Florida lawmakers are considering a bill that would impose potency limits on cannabis products if voters approve a constitutional amendment that would legalize recreational marijuana in the state. The bill, which was approved by a Senate committee on Tuesday, would cap the amount of THC, the main psychoactive ingredient in cannabis, in different forms of marijuana products. The bill is aimed at creating a separate regulatory framework for recreational marijuana, while preserving the existing medical marijuana program.
Why Potency Limits?
The proponents of the bill argue that potency limits are necessary to protect public health and safety, especially for young and inexperienced users who may be more vulnerable to the adverse effects of high-THC cannabis products. They cite studies that suggest that high-THC cannabis may increase the risk of psychosis, addiction, and cognitive impairment, among other negative effects. They also point out that the potency of cannabis products has increased significantly over the years, making it harder for consumers to dose themselves appropriately.
According to the bill, the potency limits would only apply to cannabis products intended for personal use, not medical use. The bill would set the following caps:
- 30% THC for smokable marijuana
- 60% THC for other products, such as oils, concentrates, and vape cartridges
- 15 mg of THC per serving and 200 mg of THC per package for edibles
The bill would also allow for a 15% variance in the potency of edibles, to account for possible variations in the manufacturing process.
How Likely Is Legalization?
The bill is a preemptive measure in anticipation of a possible legalization of recreational marijuana in Florida. A proposed constitutional amendment, called “Regulate Florida”, is seeking to qualify for the November 2024 ballot. The amendment would allow adults 21 and older to possess, use, and cultivate cannabis for personal use, and establish a regulated market for the production and sale of cannabis products.
The amendment needs to collect at least 891,589 valid signatures from registered voters by February 1, 2024, to be placed on the ballot. As of January 31, 2024, the amendment had collected 783,456 signatures, according to the Florida Division of Elections. The amendment also needs to be approved by the Florida Supreme Court, which is reviewing its legal validity.
If the amendment makes it to the ballot, it would need to receive at least 60% of the votes to become part of the state constitution. According to a recent poll by the University of North Florida, 59% of Florida voters support legalizing recreational marijuana, while 34% oppose it and 7% are undecided.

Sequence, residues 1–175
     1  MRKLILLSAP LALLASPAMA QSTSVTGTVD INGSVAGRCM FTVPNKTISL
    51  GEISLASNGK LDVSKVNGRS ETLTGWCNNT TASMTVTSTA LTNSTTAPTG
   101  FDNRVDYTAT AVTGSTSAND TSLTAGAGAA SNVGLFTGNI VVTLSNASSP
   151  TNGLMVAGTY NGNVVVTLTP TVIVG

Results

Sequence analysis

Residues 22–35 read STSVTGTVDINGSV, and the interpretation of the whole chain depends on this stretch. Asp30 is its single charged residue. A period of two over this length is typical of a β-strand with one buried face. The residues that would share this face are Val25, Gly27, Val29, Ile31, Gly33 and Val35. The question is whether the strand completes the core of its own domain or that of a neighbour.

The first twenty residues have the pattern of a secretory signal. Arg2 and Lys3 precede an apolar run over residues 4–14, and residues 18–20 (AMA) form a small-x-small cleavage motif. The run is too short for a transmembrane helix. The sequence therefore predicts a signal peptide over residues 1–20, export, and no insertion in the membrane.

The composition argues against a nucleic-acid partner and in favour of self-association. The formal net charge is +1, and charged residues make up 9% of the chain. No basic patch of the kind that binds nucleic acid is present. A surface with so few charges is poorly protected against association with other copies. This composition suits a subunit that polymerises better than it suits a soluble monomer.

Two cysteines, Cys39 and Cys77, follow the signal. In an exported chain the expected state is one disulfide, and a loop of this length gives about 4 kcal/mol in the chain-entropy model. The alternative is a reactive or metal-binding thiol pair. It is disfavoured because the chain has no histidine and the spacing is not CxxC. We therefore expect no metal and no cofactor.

What Are the Reactions?
The bill has received mixed reactions from different stakeholders in the cannabis industry and advocacy groups. Some medical marijuana operators and patients oppose the bill, arguing that it is premature and unnecessary. They contend that the bill would create confusion and inconsistency in the cannabis market, and that there is no scientific basis for the proposed potency limits. They also fear that the bill could undermine the medical marijuana program, which serves over 600,000 patients in the state.
On the other hand, some cannabis activists and consumers support the bill, saying that it is a reasonable compromise that would balance the interests of public health and personal freedom. They believe that the bill would help prevent the overconsumption and misuse of cannabis products, and that it would not affect the availability and quality of medical marijuana. They also hope that the bill would increase the chances of legalization, by addressing some of the concerns of the opponents and the undecided voters.
The bill still has a long way to go before becoming law. It needs to pass the full Senate and the House, where a similar bill has been filed. It also needs to be signed by the governor, who has expressed skepticism about legalizing recreational marijuana. However, the bill signals that Florida lawmakers are preparing for a possible shift in the legal status of cannabis in the state, and that they are willing to engage in a dialogue about the best way to regulate it.